Iran urges India to cherish friendship

The telephone call by Iranian President Mahmoud Ahmedinejad to Indian Prime Minister Manmohan Singh on Monday becomes a defining moment. New Delhi chose to keep it under wraps.

Obviously, Tehran views with disquiet the recent hurried visit by the United States Secretary of State Hillary Clinton to New Delhi. Tehran is acutely aware of the propensity of the policymakers in New Delhi to leverage India’s ties with Iran to extract concessions form Washington within the framework of the US-India strategic partnership.

Alarm bells must be ringing, because the US-India Strategic Dialogue is taking place in Washington shortly and a US special envoy has descended on the Indian capital with a focused mission to erode India’s energy ties with Iran. 

Ahmedinejed’s phone call came on the eve of the announcement of the Indian decision to reduce oil imports from Iran, which has been widely perceived as a sign of the Indian leadership succumbing to the US pressure to fall in line with its containment strategy toward Iran.  

According to the Iranian news agency IRNA, Ahmedinejad stressed to Manmohan Singh that Tehran sets no limits to the broadening of the Iran-India relationship. He called it a “brotherly” relationship, a warm description that Tehran reserves as a mark of special affinity. However, Manmohan Singh, curiously enough, insisted that the bilateral relationship would be “on the basis of national interests.”

The Indian establishment almost instinctively resorts to the epithet “national interests” when it is hard-pressed to explain the raison d’etre of any policy shift. The government’s decision to cut back on oil imports from Iran is, arguably, one such poignant moment. No government would like to acknowledge that it is buckling under pressure from a foreign power and in this case, the Indian public opinion comprehends the importance of the relationship with Iran.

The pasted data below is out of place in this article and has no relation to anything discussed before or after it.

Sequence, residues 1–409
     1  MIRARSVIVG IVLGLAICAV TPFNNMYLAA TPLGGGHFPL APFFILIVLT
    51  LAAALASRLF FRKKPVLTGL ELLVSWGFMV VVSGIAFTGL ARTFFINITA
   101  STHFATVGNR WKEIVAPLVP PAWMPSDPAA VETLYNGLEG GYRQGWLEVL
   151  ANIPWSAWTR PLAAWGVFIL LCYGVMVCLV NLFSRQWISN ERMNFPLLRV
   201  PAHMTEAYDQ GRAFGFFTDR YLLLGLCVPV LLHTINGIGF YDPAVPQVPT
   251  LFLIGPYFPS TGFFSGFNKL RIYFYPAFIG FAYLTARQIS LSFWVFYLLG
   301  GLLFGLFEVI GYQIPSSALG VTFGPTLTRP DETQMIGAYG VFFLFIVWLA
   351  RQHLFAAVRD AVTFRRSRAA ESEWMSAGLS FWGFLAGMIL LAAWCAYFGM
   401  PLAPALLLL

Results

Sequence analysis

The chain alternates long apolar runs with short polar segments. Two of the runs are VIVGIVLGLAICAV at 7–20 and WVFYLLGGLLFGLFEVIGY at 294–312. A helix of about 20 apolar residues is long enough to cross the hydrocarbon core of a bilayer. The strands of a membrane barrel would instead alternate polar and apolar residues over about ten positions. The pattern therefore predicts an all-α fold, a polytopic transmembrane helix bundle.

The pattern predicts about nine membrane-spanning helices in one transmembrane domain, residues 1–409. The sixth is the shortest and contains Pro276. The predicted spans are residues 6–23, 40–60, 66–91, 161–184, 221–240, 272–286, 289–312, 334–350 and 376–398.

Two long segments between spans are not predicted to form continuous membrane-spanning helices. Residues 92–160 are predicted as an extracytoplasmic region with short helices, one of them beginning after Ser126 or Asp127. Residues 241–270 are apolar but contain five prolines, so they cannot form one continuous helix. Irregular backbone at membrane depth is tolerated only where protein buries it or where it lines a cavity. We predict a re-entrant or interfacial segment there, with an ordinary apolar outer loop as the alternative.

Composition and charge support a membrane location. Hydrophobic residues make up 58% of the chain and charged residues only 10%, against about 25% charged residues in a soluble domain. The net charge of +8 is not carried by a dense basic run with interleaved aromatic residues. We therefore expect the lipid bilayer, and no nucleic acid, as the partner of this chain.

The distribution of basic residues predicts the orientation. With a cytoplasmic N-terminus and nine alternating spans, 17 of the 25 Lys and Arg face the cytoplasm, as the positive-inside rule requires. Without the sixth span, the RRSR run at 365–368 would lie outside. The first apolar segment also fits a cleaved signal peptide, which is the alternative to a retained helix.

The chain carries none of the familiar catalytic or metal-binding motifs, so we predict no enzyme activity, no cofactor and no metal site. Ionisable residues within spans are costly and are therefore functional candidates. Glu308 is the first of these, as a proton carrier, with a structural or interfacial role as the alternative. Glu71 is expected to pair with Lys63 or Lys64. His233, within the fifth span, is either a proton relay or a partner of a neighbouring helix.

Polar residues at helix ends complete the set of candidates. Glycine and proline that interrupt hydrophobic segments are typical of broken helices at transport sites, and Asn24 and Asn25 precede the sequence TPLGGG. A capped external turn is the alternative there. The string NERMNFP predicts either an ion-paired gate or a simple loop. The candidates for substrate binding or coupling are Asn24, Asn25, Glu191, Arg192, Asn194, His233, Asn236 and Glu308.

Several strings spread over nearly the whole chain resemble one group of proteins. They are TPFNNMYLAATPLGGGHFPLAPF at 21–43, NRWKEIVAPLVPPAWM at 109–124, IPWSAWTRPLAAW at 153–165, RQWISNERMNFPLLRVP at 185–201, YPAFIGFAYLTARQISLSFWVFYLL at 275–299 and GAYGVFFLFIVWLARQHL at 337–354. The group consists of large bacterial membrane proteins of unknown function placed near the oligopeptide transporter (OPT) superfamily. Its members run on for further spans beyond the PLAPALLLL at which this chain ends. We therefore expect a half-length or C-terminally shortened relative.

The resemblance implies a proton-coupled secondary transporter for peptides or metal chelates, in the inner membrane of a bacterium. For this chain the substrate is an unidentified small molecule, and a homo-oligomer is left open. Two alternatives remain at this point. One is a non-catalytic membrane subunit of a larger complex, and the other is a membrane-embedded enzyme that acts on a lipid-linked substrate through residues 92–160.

Besides, the ruling Congress party is sensitive to the Muslim opinion, which can swing election results in over a hundred parliamentary constituencies, which, of course, can prove lethal, as elections are due in 2014 – rumors are swirling that there could be a mid-term poll – and Congress party has a fight on its hands to retain hold on power.

The Indian Muslim takes a dim view of the US’ global policies. The Indian pundit may look at Iran as a Shi’ite country, but for the Indian Muslim, Iran signifies strategic defiance of the US. No matter the lavish funding of the Muslim ulema in India by the Gulf Arab monarchies – and the nexus between the ulema and political parties – average Indian Muslim opinion equates Tehran as the voice of justice, honor and resistance.

This is the crux of the Congress-led government’s predicament. It is not very different from the predicament of the Gulf monarchies on the Arab street where Iran’s shadow remains potent, despite their sustained campaign to orchestrate a Sunni-Shi’ite schism in the Muslim Middle East. The IRNA report is here.  

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